Phone: (510) 428-0111



Anxiety disorders are the most common psychiatric illnesses affecting both children and adults.

Anxiety disorders may develop from a complex set of risk factors, including genetics, brain chemistry, personality, and life events.
An estimated 40 million adult Americans suffer from anxiety disorders, which cause significant impairment in social, occupational or other areas of life functioning.
People with an anxiety disorder are three-to-five times more likely to go to a doctor with a medical complaint and six times more likely to be hospitalized for psychiatric disorders than non-sufferers.
Anxiety disorders are highly treatable, yet only about one-third of those suffering from an anxiety disorder receive treatment.

Anxiety disorders are categorized as:

Generalized Anxiety Disorder (GAD). GAD is characterized by excessive, unrealistic worry that lasts six months or more. The anxiety may focus on issues such as health, money, or career. In addition to chronic worry, GAD symptoms include restlessness, trembling, muscle tension, insomnia, abdominal upset, difficulty concentrating, dizziness, irritability, and fatigue.
Obsessive-Compulsive Disorder (OCD). In OCD, individuals are plagued by persistent, recurring thoughts or images (obsessions) that cause significant anxiety or fear. Typical obsessions include worry about being contaminated or fears of behaving improperly or acting violently. The obsessions may lead to an individual performing a ritual or routine (compulsions) such as washing hands, repeating phrases or hoarding in order to relieve the anxiety caused by the obsession.
Panic Disorder. People with panic disorder suffer severe attacks of panic for no apparent reason which may make them feel like they are having a heart attack or are going crazy. Symptoms include heart palpitations, chest pain, nausea, sweating, shortness of breath, trembling, dizziness, fear of dying, fear of losing control, and feelings of unreality. Panic disorder often occurs with agoraphobia, in which people are afraid of having a panic attack in a public place from which escape would be difficult, so they avoid these places.
Posttraumatic Stress Disorder (PTSD). PTSD often follows after an exposure to a traumatic event such as a sexual or physical assault, war, a car accident, a natural disaster, witnessing a death, or the unexpected death of a loved one. These events initially cause intense fear or horror, followed by four main symptoms associated with PTSD: "re-living" of the traumatic event (such as flashbacks and nightmares); avoidance behaviors (such as avoiding places related to the trauma) emotional numbing (detachment from others); and physiological arousal (such as insomnia, irritability, poor concentration, or becoming easily startled).
Social Anxiety Disorder (Social Phobia). Those suffering from Social Anxiety Disorder experience extreme anxiety about being judged by others or acting in a way which might cause embarrassment or ridicule in social or performance situations. This intense anxiety may lead to avoidance of social situations. Physical symptoms associated with this disorder may resemble panic disorder: heart palpitations, faintness, blushing and profuse sweating.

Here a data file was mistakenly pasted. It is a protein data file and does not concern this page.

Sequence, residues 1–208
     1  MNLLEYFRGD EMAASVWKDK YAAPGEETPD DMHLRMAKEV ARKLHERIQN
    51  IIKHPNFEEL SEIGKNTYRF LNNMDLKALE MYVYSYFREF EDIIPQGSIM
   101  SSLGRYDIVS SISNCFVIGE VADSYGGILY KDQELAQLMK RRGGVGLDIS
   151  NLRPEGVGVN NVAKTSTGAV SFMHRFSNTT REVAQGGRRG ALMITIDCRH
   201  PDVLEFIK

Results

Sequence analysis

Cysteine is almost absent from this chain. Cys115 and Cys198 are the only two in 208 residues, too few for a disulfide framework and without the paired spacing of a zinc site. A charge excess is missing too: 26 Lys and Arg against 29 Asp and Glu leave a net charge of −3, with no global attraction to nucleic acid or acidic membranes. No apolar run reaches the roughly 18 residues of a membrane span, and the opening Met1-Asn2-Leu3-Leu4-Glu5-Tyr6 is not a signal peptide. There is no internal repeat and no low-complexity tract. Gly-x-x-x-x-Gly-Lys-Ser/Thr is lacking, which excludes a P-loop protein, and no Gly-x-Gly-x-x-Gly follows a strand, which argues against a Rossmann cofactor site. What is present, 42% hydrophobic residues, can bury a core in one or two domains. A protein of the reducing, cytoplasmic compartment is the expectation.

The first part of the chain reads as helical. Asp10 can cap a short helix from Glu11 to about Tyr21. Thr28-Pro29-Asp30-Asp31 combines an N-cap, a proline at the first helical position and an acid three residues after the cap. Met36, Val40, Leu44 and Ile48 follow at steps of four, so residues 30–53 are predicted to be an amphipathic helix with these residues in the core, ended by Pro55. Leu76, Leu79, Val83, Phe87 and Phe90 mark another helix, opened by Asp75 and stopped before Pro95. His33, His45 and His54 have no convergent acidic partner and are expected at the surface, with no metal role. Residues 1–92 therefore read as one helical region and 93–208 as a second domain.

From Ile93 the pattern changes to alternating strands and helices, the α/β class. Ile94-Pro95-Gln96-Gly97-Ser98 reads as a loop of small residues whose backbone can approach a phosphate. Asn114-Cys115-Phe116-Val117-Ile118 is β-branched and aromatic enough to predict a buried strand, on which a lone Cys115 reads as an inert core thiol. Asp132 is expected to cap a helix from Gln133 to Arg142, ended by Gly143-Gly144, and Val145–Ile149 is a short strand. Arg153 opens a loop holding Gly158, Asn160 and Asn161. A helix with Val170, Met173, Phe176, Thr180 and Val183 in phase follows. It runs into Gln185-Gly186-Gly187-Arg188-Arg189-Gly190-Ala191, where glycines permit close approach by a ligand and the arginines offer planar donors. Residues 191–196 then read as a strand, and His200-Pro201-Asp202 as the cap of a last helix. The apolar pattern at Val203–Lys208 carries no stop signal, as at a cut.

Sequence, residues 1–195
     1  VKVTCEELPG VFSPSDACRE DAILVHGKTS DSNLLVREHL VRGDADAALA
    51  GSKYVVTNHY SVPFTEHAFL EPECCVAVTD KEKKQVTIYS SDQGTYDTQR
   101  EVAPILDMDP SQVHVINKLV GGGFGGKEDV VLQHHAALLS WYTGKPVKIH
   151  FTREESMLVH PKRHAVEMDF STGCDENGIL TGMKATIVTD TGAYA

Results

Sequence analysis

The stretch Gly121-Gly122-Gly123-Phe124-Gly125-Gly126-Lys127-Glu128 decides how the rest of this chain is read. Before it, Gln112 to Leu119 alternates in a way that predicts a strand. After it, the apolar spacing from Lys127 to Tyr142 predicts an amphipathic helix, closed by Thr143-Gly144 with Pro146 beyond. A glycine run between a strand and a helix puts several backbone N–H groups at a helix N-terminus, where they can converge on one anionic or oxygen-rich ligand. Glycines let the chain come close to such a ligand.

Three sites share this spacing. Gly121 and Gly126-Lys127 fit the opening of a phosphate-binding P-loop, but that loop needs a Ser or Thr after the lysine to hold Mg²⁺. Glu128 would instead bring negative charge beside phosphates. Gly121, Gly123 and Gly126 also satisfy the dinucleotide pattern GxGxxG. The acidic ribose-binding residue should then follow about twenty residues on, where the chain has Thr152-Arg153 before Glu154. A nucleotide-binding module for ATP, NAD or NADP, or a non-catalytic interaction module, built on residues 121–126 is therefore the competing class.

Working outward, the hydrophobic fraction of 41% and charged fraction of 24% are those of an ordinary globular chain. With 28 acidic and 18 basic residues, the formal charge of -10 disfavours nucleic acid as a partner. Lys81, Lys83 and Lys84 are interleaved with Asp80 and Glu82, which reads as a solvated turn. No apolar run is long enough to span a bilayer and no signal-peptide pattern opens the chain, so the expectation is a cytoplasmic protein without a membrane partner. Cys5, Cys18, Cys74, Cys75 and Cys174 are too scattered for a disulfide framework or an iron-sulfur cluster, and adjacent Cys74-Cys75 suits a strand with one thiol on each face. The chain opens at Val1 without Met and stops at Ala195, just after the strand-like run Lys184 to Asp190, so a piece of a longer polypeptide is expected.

Specific Phobia. People with specific phobia suffer from an intense and persistent fear reaction to a specific object or situation (such as flying, heights, insects, or seeing blood). The level of fear is usually inappropriate to the situation, and is recognized by the sufferer as being irrational. The initial reaction includes panic symptoms, and this inordinate fear can lead to the avoidance of common, everyday situations.

Anxiety disorders are highly treatable with psychotherapy under the care of a qualified Psychologist.

Different forms of psychotherapy used in the treatment of anxiety disorders include psychodynamic psychotherapy, cognitive behavioral therapy (CBT), exposure therapy, and relaxation techniques.
Drugs used to treat anxiety disorders include selective serotonin reuptake inhibitors (SSRIs), new classes of anti-depressant medications, tricyclic antidepressants, benzodiazepines, beta blockers, and monoamine oxidase inhibitors (MAOIs).
Combination therapies are often utilized (psychotherapy and medication).
In Psychodynamic therapy, one goal is to help an individual understand unconscious conflicts which may be causing their anxiety. Often, there are unresolved issues from childhood which have continued into adulthood that are at the root of their anxiety. The mode of this type of therapy is to explore thoughts, emotions, relationships, behaviors, and dreams. This process can help an individual understand and come to terms with their conflicts, which can in turn decrease their anxiety.
In Cognitive behavioral therapy, one goal is to decrease the anxiety which an individual may be experiencing in their body by using different techniques to desensitize them to feared situations. Another goal is to teach the individual how to recognize and cope with anxious thoughts and feelings to prevent them from spiraling out of control.
In Exposure therapy, the goal is to gradually expose an individual to situations that bring about their anxiety reaction in order to decrease and eventually eliminate that reaction. This is done in the psychologist's office through imagery exercises, but eventually may involve actually going to public places that are feared by the patient.
Relaxation techniques used to treat anxiety disorders include: progressive relaxation, guided imagery, hypnosis, meditation and biofeedback.


Noah Oderberg, Ph.D.
5435 College Avenue, Suite #201
Oakland, California 94618
Phone: (510) 428-0111